The concept of a brilliant writer who holes up in a dark office, writing day and night, living the life of a recluse while society celebrates their literary accomplishments, is mostly a fairy tale. I mean, I’m sure there are a few writers like that. Maybe that was more common back when writers mostly did just have to write, and there wasn’t an expectation that those writers would also market themselves, read to crowds, participate in professional development, etc. In fact, if you think about it… most bygone “famous” writers who were known for their reclusive ways didn’t gain much fame to speak of until after they were deceased.
But maybe you—like me—really aren’t looking to become famous. Maybe you’re thinking that just working hard and being a good writer is enough to make a living, which is all you really want. Surely then all you need to do is write well, right?
So I have some good news and some bad news.
The bad news is: In this day and age, it’s virtually impossible to make a living writing if you’re not also willing to have a public face to go with your business. The world is too connected now for anyone to make it in this field without having an online presence, some sort of social media participation, and even just plain showing up at certain appropriate functions. It’s expected. You can get away without doing any of those things if you’re already famous and overpaid, but show of hands…? Right.
The good news is: If you’re the sort of person for whom the bad news strikes a note of terror in your heart, relax. Seriously. Even the most introverted and anti-social writers can “play the game” without too much pain. I promise. A few simple considerations will keep things manageable.
Take advantage of technology. More and more, I seem to know people who claim to hate talking on the phone, either because they’re shy or feel they’re awkward or whatever. (Interpersonal communication is scary!) You certainly can’t get hired in a vacuum—unless you know some alien robots who need some copy, fast—but if you know you’re socially awkward or whatever, yay for technology! You can email with potential clients. You can network via Facebook or LinkedIn or other online venues that don’t require face-to-face interactions.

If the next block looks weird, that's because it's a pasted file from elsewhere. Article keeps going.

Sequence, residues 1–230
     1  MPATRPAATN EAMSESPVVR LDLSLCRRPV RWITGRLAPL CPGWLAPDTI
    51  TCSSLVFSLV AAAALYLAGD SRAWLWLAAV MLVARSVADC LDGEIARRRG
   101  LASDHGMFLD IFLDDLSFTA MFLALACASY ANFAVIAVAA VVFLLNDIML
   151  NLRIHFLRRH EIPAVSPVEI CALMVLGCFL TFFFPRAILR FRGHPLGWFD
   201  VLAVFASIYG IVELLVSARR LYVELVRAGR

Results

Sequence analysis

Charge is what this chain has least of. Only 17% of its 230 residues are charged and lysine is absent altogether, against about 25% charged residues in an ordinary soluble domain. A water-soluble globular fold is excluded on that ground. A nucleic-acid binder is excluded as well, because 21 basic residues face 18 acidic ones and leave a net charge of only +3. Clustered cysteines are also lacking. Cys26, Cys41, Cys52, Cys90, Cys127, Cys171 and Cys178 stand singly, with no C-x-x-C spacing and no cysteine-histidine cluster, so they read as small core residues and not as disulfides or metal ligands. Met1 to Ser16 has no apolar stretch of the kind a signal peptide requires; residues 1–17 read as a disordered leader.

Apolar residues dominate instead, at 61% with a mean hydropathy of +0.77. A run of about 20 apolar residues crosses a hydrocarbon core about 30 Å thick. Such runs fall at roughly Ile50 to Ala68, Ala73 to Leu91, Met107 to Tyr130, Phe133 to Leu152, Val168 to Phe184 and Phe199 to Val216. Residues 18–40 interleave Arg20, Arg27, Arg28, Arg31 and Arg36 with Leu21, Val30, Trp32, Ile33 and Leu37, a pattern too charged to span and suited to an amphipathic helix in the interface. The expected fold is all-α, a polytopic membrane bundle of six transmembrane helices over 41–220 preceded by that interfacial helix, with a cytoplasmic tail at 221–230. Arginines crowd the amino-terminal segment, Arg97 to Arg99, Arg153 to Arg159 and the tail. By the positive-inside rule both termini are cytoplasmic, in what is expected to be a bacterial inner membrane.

Know your strengths, outsource your weaknesses. If you feel like you should be doing more marketing but have no idea how to do it better, there are lots of options available to you. You can take a class, you can attend a webinar, you can hire a consultant, you can read books… the list goes on. Figure out what you need and whether or not you can handle it. If you can’t, surely there’s someone out there who can—and chances are the best person for the job is a freelancer, too, so you’re solving a problem and networking all in one fell swoop. Better to hire someone who can do it right than torture yourself and do it badly.
Be realistic with yourself about your tolerances. I’m seeing a lot of chatter online lately about various conferences and which events “can’t be missed” and such. We’ve come a long way since the days when you had a whole whopping two different blogging conferences from which to choose (ha!), and that’s awesome. But with so many options, now, what do you? I see a lot of bloggers opting to attend tons of conferences, and if that works for them—time-wise, monetarily, scheduling-wise—that’s awesome. But for those of us who maybe find that sort of activity stressful, there is absolutely no shame in setting limits. Conferences are a great way to network and “get out there,” but not if the entire experience makes you miserable. So…
… set goals, and then figure out how they’re best met. For me, I tend to only do one or two conferences a year, because I think they’re important, but I simply can’t be on the road much more than that. This means I have to be extremely careful about where I choose to go, and what I think I’ll accomplish there. This is particularly true because I’m an introvert and I find conferences exhausting. I don’t excuse myself from ever attending them—that’s a good way to make sure my relevance in the field is quickly forgotten—but I’m choosy.
Finally, accept that you’ll need to step out of your comfort zone from time to time, but the reward is going back in. A lot of bloggers are becoming “online personalities,” where the bulk of their work turns into doing videos, appearances, and other non-writing activities. Again, if that’s what works for them, fantastic! But I see a lot of other writers wondering if that’s what writing is becoming. I say the answer is no, not if you’d rather just write. If you want to be a writer, be a writer. Find the balance of non-writing, self-promoting activities that will further your position as a writer, then heave a sigh of relief when each less-than-favorite activity draws to a close, pat yourself on the back, and get back to writing.
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